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Here is print_r output of my array:

[0] => stdClass Object
        [itemId] => 560639000019
        [name] => Item no1
        [code] => 00001
        [qty] => 5
        [id] => 2

[1] => stdClass Object
        [itemId] => 470639763471
        [name] => Second item
        [code] => 76347
        [qty] => 9
        [id] => 4

[2] => stdClass Object
        [itemId] => 56939399632
        [name] => Item no 3
        [code] => 39963
        [qty] => 6
        [id] => 7


How can I find index of object with [id] => 4 in order to remove it from array?

share|improve this question
Weird thing that after unsetting array item, it breaks json_encode so output becomes unusable. – Milan Jul 18 '12 at 12:29
I had the same issue. – quantme Nov 24 '12 at 15:27
up vote 3 down vote accepted
$found = false;  
foreach($values as $key => $value) {
    if ($value->id == 4) {
        $found = true;

if ($found) unset($values[$key]);

This is considered to be faster then any other solution since we only iterate the array to until we find the object we want to remove.

Note: You should not remove an element of an array while iterating so we do it afterwards here.

share|improve this answer
I'm not sure about the rule of not removing array element while iterating it. In another question users were pointing that it is perfectly fine to do so in PHP, so any source on that? Because so far nobody really pointed the reason, just stated it. – Marcin Necsord Szulc Jul 17 '12 at 21:13
Your answer saved my work day. – quantme Nov 24 '12 at 15:28
foreach($parentObj AS $key=>$element){
  if ($element->id == THE_ID_YOU_ARE_LOOKING_FOR){
    echo "Gottcha! The index is - ". $key;

$parentObj is obviously your root array - the one that holds all the others.

We use the foreach loop to iterate over each item and then test it's id property against what ever value you desire. Once we have that - the $key that we are on is the index you are looking for.

share|improve this answer
wait .. $element is not an object? – Federico Jul 17 '12 at 19:24
@lax - I don't follow...What do you mean? The variable $element refers to an element within the array... – Lix Jul 17 '12 at 19:28
$element is an instance of stdClass. See the question – Federico Jul 17 '12 at 19:39
@lax - I think I see what you mean - its the way you access the property. I've used the same method as an associative array... My OO PHP is not that strong... but thanks for the comment. A little more explanation would have gone a long way though... – Lix Jul 17 '12 at 20:27
@Lix thanks, your answer is also great. I picked other one only because I had to pick one and that was more "complete". – Milan Jul 18 '12 at 12:02

try this

foreach($array AS $key=>$object){
   if($object['id'] == 4){
       $key_in_array = $key;

// chop it from the original array
array_slice($array, $key_in_array, 1);
share|improve this answer
This is almost exactly opposite of what I want :) – Milan Jul 18 '12 at 12:50

Here's my solution. Given, it is a bit hackish, but it will get the job done.

search(array $items, mixed $id[, &$key]);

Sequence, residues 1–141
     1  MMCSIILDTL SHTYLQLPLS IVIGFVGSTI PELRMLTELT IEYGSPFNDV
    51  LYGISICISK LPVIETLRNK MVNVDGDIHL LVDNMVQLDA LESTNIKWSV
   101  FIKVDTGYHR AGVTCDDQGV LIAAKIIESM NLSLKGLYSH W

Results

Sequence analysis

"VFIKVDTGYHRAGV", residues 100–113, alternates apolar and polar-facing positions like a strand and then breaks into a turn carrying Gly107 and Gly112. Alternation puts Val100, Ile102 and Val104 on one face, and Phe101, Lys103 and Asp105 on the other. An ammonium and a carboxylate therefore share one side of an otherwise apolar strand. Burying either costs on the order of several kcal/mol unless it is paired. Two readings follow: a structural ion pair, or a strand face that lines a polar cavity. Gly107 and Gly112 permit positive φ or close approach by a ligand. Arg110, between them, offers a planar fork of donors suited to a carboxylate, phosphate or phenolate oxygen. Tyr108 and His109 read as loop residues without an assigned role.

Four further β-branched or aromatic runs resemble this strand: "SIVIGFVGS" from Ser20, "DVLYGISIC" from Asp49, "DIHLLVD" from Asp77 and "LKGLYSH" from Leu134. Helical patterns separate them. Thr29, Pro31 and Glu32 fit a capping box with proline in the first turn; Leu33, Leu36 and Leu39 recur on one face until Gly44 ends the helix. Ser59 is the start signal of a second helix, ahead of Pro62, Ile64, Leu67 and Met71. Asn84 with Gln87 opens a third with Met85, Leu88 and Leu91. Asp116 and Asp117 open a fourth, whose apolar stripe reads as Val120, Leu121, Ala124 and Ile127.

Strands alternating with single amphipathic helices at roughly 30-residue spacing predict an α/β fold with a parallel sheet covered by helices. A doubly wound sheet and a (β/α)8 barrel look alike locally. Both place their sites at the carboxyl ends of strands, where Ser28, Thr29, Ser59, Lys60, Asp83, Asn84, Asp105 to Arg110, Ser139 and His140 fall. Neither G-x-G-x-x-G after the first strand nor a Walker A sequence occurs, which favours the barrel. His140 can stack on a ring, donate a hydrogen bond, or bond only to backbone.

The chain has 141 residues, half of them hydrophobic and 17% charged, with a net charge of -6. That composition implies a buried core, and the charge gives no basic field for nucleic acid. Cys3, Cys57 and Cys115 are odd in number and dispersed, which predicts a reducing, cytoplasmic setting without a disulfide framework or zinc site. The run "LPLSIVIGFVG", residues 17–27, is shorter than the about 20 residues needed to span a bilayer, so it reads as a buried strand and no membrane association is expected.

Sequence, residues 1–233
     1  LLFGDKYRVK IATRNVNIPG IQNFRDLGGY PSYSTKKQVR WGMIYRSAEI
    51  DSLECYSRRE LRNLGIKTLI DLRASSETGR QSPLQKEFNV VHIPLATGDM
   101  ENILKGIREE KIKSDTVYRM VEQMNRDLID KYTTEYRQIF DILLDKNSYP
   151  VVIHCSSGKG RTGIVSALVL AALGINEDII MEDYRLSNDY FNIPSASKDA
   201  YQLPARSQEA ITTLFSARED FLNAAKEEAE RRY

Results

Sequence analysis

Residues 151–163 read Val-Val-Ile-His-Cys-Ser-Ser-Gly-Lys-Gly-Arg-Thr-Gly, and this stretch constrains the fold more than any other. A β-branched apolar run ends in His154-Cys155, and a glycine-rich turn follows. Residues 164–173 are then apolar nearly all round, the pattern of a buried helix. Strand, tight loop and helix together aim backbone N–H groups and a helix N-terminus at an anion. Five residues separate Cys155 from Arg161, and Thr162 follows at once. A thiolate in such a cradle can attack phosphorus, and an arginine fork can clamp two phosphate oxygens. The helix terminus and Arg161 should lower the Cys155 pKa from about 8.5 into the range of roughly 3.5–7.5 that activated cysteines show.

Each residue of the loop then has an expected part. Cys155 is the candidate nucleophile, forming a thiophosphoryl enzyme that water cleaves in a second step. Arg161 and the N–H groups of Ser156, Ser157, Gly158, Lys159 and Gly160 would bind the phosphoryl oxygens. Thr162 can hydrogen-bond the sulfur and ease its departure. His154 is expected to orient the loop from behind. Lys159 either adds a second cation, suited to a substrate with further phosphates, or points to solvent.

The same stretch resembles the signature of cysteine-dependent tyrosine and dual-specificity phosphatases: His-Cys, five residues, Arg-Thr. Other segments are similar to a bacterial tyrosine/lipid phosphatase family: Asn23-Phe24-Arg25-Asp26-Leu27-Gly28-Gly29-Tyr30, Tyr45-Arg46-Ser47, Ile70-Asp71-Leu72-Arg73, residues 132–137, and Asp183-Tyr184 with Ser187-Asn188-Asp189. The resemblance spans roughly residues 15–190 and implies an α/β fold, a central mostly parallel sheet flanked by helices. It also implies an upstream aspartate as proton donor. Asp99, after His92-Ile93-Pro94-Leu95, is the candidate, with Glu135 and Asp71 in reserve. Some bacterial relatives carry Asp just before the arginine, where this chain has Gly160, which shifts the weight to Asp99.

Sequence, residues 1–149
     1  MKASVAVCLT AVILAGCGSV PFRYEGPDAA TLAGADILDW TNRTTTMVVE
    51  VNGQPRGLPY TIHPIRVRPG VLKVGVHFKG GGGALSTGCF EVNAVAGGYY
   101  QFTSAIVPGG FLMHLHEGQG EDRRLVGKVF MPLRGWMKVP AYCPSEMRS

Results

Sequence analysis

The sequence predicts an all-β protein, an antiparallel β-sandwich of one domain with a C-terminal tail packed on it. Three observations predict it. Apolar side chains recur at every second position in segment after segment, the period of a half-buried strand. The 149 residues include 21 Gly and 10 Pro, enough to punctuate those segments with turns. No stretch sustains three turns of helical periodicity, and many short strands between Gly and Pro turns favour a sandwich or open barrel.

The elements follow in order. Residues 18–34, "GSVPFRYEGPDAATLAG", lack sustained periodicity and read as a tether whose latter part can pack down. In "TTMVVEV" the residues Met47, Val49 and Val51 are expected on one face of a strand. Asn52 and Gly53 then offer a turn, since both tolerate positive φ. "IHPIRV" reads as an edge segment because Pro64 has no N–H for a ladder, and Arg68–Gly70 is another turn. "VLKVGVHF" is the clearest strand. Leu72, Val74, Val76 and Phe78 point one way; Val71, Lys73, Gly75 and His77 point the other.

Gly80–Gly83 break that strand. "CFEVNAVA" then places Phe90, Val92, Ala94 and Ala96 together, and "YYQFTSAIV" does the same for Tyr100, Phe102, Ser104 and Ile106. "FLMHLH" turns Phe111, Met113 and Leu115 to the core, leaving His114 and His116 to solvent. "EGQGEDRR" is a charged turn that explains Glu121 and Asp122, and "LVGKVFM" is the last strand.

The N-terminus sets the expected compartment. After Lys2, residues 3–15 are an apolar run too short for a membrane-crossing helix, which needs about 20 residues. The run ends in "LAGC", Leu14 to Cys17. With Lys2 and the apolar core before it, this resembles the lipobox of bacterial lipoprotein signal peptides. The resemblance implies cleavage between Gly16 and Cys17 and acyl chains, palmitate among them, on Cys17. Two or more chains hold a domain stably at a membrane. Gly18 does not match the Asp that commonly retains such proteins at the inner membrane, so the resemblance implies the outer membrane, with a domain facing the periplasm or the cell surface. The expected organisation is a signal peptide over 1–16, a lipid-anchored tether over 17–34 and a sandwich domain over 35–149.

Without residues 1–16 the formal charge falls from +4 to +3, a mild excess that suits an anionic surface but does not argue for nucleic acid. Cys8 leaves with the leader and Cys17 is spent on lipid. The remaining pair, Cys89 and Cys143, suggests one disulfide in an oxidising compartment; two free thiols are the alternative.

Returns the item that was found by $id. If you add the variable $key it will give you the key of the item found.

function search($items, $id, &$key = null) {
  foreach( $items as $item ) {
    if( $item->id == $id ) {
      $key = key($item);
      return $item;

  return null;


$item = search($items, 4, $key);

Note: This could be modified to allow a custom key and return multiple items that share the same value.

I've created an example so you can see it in action.

share|improve this answer

A funny alternative

$getIdUnset = function($id) use ($myArray)
    foreach($myArray as $key => $obj) {
        if ($obj->id == $id) {
            return $key;

    return false;

if ($unset = $getIdUnset(4)) {
share|improve this answer

Currently php does not have any supported function for this yet.

So refer to Java's Vector, or jQuery's $.inArray(), it would simply be:

public function indexOf($object, array $elementData) {
    $elementCount = count($elementData)
    for ($i = 0 ; $i < $elementData ; i++)
            if ($object == $elementData[$i]) {
                return $i;   
    return -1;

You can save this function as a core function for later.

share|improve this answer
foreach( $arr as $k=>&$a) {
    if( $a['id'] == 4 )
share|improve this answer
You should never change the array you are currently iterating! – fdomig Jul 17 '12 at 19:28
@fdomig What if there are more than one child with id 4? – hjpotter92 Jul 17 '12 at 19:30
It wouldn't be an ID then right? – fdomig Jul 17 '12 at 19:33
@fdomig You can't say that for sure. – hjpotter92 Jul 17 '12 at 19:35
You should never touch the array itself while iterating anyway. You then better add each found index to a $found array and remove all keys afterwards. – fdomig Jul 17 '12 at 19:36

use array_search:

$a = new stdClass;
$b = new stdClass;
$a->id = 1;
$b->id = 2;

$arr = array($a, $b);
$index = array_search($b, $arr);

echo $index;
// prints out 1
share|improve this answer

Another way to achieve the result is to use array_filter.

$array = array(
    (object)array('id' => 5),
    (object)array('id' => 4),
    (object)array('id' => 3)
$array = array_filter($array, function($item) {
    return $item->id != 4;
share|improve this answer
This is a good solution, however you are iterating over the whole collection although it is not necessary most of the times. – fdomig Jul 17 '12 at 19:34
True, it depends on the situation and certainty of how many elements are there to unset. Though very useful function. – Marcin Necsord Szulc Jul 17 '12 at 19:37

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